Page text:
21 Oct 2015 17:10pm
DIVUNDU, 21 OCT (NAMPA) Residents, investors and business people at Divundu have expressed optimism that more business and employment opportunities will be created with the proclamation of the settlement as a village council.
Divundu was proclaimed and gazetted by Government as a village council on 30 April 2015.
The settlement was supposed to be proclaimed a village three years ago, but did not meet certain requirements of a village council.
In an interview with Nampa on Wednesday, the senior public relations officer (PRO) at the Kavango Regional Council (KRC), Olavi Haikera said with the proclamation, Divundu will have its first Local Authority elections next month.
The elections will see five political councillors from various participating political parties battling it out come November.
The village council has already geared itself towards serving inhabitants of the town better with the construction of the councils office currently underway, Haikera said.
The office will be situated adjacent to the Okavango River.
The councils office is being constructed at a cost of N.dollars 9 million and is expected to be completed towards the end of this current financial year.
The office at Divundu is currently managed by the Chief Control Officer of the settlement, Frans Kaundu, along with eight other staff members.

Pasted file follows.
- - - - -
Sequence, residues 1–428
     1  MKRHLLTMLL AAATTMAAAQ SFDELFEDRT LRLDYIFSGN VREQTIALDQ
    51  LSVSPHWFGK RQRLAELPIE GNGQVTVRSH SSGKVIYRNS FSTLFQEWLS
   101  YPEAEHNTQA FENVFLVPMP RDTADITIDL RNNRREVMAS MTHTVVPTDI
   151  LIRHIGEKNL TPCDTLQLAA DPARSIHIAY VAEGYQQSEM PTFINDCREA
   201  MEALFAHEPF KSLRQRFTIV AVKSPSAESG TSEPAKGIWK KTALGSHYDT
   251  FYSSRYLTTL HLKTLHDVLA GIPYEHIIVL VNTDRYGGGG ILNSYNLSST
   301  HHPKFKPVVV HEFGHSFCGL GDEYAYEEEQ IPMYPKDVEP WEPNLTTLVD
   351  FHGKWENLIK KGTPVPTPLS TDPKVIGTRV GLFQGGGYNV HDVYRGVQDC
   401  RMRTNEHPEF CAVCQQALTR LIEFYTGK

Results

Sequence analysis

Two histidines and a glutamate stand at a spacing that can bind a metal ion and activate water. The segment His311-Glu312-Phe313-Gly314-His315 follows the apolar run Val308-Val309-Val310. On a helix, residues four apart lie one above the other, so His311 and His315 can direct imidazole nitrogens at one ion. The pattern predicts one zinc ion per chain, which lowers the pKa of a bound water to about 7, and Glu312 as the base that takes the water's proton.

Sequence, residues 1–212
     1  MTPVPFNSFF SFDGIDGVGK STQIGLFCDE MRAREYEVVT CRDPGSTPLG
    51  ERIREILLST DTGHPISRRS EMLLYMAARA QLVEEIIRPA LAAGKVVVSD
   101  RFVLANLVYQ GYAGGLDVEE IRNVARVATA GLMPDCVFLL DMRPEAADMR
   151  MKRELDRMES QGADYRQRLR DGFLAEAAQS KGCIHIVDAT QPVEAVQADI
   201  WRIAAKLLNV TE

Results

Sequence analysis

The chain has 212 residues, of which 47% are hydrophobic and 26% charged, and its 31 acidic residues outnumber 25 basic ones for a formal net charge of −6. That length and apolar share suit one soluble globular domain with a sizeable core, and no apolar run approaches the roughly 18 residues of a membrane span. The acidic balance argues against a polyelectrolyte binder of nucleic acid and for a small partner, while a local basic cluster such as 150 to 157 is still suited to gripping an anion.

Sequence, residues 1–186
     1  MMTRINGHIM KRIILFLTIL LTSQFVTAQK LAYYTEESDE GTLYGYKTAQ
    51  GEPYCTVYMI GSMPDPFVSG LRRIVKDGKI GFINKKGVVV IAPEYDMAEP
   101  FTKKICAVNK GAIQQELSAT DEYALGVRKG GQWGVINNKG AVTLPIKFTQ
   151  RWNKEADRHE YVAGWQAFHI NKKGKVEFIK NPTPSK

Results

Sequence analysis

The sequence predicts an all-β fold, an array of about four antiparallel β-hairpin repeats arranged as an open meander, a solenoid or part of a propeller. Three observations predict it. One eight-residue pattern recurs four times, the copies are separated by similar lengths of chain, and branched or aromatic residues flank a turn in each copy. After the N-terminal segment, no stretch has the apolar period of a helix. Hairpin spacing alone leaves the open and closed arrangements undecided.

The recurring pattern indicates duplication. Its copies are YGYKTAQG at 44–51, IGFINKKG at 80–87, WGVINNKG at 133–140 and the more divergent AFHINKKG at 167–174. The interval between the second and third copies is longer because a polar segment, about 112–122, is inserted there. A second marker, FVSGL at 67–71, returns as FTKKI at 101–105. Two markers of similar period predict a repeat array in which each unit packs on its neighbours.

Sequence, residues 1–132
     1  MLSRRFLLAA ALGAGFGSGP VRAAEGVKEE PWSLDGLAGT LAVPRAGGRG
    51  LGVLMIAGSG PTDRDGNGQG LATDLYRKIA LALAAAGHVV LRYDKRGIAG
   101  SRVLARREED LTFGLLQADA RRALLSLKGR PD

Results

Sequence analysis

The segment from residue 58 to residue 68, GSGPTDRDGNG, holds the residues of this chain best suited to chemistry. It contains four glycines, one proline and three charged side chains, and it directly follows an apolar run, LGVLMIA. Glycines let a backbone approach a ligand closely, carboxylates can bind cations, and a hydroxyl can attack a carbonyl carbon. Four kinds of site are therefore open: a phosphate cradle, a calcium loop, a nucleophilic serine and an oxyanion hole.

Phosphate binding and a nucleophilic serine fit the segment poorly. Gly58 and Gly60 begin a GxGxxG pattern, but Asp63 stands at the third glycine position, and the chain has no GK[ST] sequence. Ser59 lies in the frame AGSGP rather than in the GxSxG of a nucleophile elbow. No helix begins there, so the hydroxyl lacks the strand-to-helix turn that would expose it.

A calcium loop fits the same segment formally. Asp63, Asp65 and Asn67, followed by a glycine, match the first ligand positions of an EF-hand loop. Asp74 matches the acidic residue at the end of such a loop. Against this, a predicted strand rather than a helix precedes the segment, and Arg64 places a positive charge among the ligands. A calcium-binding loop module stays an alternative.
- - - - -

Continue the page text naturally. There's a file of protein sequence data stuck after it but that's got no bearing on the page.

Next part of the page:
Haikera said several services visible at the village include the erection of street lights, which has already been completed.
A contractor has also already been appointed to set up roads, while another contractor is currently bust putting up a bulk water supplier in and around Divundu, he indicated.
The village currently boasts 38 houses built by the Shack Dwellers Federation of Namibia, as well as 62 houses made possible by the Build Together Programme.
With Divundu being the urban area that runs across the Okavango River, the KRC PRO said the town will boost business and investment opportunities as it shares strategic borders with Botswana and Angola along the Trans-Caprivi highway.
There are opportunities for the establishment of more shopping complexes and banking institutions, amongst others, Haikera said.
The village currently has only one filling station and Haikera said locals have proposed the need for alternative service stations. Common complaints are that the sole operating filling station runs out of fuel almost on a daily basis and is unable to cope with the growing demand for fuel in the area.
Some agencies and ministries which have already established their offices here are the Ministry of Agricultures extension department, Prison and Correctional Services, and the Namibian Police Force.
Others are set to follow suit.
Haikera told this news agency the general feeling amongst business people at Divundu is excitement at the immense benefits the proclamation of Divundu as a village council will bring.
The business people say investors will be more willing to invest in the area as they will have title deeds to land, a situation that will also translate into more employment opportunities for the local communities.
Locals are of the view that they will no longer have to travel long distances of about 200 kilometres to Rundu or Botswana for services, as they will now be readily available.
Sentiments have also been expressed that those who will run the village, including politicians, should work hard to develop it into a town, which will be even more attractive to investors.